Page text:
In line with the Economic Community of West African States’ (ECOWAS) resolution for member states to establish national commission, the Presidential Committee on SALWs (PRESCOM), undertook a national survey in partnership with the National Institute for Policy and Strategic Studies (NIPSS) in 2015. The goal of the survey was to assess the impact of SALWs in the country, with a specific focus on both the citizens and state institutions. My role in the survey was to coordinate state-level researchers in the conduct of Key Informant Interviews (KIIs) and Focused Group Discussions (FGDs), as well as report writing for the northeast region, an area that is experiencing a decade-long act of insurgency by a terrorist group - Jama’atul Ahlis-Sunna Liddaawati Wal Jihad (JAS), popularly known as Boko Haram.
HI² -- Tell us about your current work on military pandemics in northeast Nigeria. How is this related to your interests in conflict and peace studies and security sector reform in transition societies?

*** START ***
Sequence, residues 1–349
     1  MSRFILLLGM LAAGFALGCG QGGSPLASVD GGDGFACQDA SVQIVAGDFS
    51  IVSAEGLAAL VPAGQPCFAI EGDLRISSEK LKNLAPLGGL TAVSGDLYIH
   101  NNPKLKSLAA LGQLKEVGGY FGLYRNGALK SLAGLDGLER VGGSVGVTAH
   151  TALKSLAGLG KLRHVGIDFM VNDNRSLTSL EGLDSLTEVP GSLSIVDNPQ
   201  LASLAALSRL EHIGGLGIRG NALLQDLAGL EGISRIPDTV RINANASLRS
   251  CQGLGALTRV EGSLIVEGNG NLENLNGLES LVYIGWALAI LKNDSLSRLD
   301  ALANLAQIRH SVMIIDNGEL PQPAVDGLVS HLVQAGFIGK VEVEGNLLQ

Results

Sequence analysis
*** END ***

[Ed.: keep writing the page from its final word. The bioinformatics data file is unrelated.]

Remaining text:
Beyond its primary role as the guarantor of public safety and security in the northeast region, the military has used its response to pandemics in the northeast region as a strategy for winning the hearts and minds of the people. One of the most troubling experiences of victims of insurgency in the northeast region has been the near absence of medical attention due to the fact that humanitarian aid workers are not able to access hard-to-reach areas. The worsening of the humanitarian situation in the region is more prominent in the area with access to basic health. Collaboration between the military and civilian population and humanitarian aid workers in particular, became imperative. For the military in particular, the establishment of mobile health clinics within the hard-to-reach-communities became an important aspect of its role in the region.